And though discussion of the problem is directed at the automated systems for Fannie Mae and Freddie Mac, a recent instance exists where excessive mortgage lates resulted in a foreclosure code for a consumer who was denied a car loan by a credit union…. even though they did not have a short sale, modification or deed in lieu.

Problem #1: Foreclosure Code and Where Found

The foreclosure code account is visibly spelled out on the Fannie Mae and Freddie Mac findings. Fannie Mae is precise, naming the creditor account name, account number and if it is seen as a pre-foreclosure or foreclosure right on the findings. Freddie Mac is more generic, noting one, two or three reasons under Credit and Liabilities on automated findings:

  • 13:Recent Foreclosure/ signif derog;
  • 64:Crdt rpt w/recent mtg delinq;
  • YX:The Borrower has had a short sale/DIL of FCL within last 7 yrs.

Fannie Mae has a published workaround that does work the majority of the time. Freddie Mac does not have a workaround.

Problem #2: “Date Reported” Changed

A second problem still exists however for both of the automated systems. The “date reported”, often changed due to a dispute, cannot be changed. Some lenders only require proof of the short sale, modification or deed in lieu date to correct this. Others require that the date be changed on credit report. Changing this date is something that cannot be done through the bureaus.

Fannie Mae Disputed Tradelines

During the weekend of July 29, 2017, Fannie Mae implemented Desktop Underwriter® (DU®) Version 10.1, which included the changes described below and can be found at this link:

Disputed Tradelines

DU Version 10.1 will include an updated risk assessment and messaging for loan casefiles for borrowers with disputed tradelines. DU will first assess the risk of the loan casefile using all tradelines reported as disputed by the borrower. When DU issues an Approve recommendation using the disputed tradelines, no further documentation of the disputed tradeline will be needed and the following message will be issued.

The following tradeline(s) were identified by DU as disputed by the borrower. Because DU issued an Approve recommendation when including the disputed information in the credit risk assessment, no further action is necessary.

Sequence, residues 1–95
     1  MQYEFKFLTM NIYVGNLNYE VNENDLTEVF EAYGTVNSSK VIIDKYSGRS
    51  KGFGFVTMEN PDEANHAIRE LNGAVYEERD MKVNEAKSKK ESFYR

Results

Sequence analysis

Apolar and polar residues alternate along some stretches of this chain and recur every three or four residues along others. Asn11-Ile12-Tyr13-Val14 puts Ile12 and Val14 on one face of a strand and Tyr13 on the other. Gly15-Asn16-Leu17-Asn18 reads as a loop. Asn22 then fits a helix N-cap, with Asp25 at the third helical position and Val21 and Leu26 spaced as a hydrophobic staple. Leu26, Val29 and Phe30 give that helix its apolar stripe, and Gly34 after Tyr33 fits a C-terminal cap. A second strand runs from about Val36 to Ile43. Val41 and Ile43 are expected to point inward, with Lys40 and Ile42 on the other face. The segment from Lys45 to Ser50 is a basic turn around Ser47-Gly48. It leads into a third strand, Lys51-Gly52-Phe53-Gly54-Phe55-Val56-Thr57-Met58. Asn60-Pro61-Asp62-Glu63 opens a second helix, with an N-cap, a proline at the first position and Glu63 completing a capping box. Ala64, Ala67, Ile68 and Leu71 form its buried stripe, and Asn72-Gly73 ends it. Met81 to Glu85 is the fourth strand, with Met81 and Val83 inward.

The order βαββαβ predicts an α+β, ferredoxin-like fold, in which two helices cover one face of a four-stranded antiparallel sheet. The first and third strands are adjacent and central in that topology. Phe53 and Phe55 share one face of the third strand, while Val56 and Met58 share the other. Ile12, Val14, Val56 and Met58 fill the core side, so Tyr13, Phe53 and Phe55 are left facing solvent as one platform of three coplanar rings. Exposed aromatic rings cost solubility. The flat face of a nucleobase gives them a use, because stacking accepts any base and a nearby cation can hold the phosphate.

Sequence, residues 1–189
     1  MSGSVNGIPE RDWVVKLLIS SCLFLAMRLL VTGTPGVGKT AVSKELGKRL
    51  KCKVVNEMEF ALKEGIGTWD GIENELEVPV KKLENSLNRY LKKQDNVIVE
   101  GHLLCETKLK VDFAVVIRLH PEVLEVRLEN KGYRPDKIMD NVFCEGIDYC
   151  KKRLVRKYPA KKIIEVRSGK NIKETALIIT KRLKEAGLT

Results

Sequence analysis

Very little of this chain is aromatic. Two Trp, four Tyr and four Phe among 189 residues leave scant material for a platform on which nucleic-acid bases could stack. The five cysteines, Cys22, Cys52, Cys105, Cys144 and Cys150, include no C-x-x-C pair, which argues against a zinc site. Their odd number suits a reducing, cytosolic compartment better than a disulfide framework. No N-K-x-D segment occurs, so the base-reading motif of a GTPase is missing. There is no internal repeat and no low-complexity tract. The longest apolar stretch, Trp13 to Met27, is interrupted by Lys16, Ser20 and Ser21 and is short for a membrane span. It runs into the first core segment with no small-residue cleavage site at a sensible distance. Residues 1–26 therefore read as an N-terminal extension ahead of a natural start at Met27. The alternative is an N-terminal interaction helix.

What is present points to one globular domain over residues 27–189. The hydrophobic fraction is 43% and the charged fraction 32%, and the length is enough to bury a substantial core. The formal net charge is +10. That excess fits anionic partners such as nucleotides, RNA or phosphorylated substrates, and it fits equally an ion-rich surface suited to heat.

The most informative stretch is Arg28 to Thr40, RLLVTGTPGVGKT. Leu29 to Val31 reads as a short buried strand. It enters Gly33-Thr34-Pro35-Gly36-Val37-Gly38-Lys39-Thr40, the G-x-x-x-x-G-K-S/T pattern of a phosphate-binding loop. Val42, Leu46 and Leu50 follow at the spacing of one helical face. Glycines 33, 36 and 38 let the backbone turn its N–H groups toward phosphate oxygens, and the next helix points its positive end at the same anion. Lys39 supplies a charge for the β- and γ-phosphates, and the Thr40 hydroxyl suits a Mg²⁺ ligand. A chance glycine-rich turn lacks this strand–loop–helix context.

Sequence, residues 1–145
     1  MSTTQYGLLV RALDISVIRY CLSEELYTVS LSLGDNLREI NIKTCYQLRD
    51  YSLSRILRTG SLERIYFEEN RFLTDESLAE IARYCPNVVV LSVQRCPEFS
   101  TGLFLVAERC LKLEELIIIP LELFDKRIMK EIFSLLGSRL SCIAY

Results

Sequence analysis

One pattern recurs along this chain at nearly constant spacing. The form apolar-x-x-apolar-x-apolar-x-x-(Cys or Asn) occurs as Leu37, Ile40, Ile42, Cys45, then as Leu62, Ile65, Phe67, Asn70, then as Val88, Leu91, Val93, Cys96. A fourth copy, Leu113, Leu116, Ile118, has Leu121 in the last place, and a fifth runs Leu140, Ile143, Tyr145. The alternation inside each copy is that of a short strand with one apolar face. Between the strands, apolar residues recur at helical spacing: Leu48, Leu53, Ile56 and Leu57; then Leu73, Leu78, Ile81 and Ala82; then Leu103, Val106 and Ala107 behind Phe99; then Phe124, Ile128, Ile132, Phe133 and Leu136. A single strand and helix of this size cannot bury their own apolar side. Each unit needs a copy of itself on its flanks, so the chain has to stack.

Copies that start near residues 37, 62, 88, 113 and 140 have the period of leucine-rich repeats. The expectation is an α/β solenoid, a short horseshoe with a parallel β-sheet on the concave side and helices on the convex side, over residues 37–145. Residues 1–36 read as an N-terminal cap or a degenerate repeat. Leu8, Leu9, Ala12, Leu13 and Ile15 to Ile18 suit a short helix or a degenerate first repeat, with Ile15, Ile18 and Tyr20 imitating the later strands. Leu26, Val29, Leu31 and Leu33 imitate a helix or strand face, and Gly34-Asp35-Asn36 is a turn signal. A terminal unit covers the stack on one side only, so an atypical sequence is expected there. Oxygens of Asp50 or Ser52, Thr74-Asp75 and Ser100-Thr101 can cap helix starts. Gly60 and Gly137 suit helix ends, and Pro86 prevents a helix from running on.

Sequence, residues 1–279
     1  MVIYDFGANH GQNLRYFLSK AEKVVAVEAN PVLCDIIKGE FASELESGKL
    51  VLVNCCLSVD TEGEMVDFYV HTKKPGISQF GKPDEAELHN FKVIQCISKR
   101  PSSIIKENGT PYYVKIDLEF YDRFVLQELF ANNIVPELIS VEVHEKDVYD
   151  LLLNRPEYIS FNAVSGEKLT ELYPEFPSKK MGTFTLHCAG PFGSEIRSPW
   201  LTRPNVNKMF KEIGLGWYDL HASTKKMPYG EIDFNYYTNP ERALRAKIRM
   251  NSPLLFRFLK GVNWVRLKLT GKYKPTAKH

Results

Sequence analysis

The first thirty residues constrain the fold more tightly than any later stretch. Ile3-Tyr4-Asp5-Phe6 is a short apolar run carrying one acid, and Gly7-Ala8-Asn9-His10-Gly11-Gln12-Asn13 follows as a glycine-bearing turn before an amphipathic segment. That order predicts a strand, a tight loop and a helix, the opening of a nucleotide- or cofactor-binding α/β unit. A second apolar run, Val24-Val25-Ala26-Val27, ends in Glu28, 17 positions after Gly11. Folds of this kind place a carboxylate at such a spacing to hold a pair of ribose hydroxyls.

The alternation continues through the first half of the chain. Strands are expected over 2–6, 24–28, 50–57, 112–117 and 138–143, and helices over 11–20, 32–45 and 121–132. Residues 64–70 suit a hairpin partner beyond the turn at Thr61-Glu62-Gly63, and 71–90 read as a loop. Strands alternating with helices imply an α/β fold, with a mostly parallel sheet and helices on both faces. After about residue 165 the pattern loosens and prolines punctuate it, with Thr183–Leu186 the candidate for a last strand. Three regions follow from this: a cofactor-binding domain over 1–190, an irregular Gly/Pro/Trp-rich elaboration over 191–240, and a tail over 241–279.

FNMA disputed tradeline

When the loan casefile does not receive an Approve recommendation using the disputed tradeline in the risk assessment, the risk will then be assessed with the disputed tradeline excluded and DU will issue the following message:

The following tradeline(s) were identified by DU as disputed by the borrower. Because DU was not able to issue an Approve recommendation when including the disputed information in the credit risk assessment, the lender must determine if the disputed account belongs to the borrower and confirm the accuracy and completeness of the information on the tradeline. If the borrower is not responsible for the account or the information on the tradeline does not accurately and completely report the account, no further action is necessary regarding the disputed tradeline. If the borrower is responsible for the account and the tradeline information accurately and completely reports the account, the lender may manually underwrite the loan if the transaction is eligible for manual underwriting.

FNMA disputed tradeline

NOTE: Tradelines reported as medical debt will continue to be excluded from the disputed tradeline identification. Lenders are not required to investigate the disputed medical tradelines.


[1] Fannie Mae Disputed Tradelines: During the weekend of July 29, 2017, Fannie Mae implemented Desktop Underwriter® (DU®) Version 10.1, which included changes on Disputed Tradelines that can be found at this link: The full information about Disputed Tradelines is above.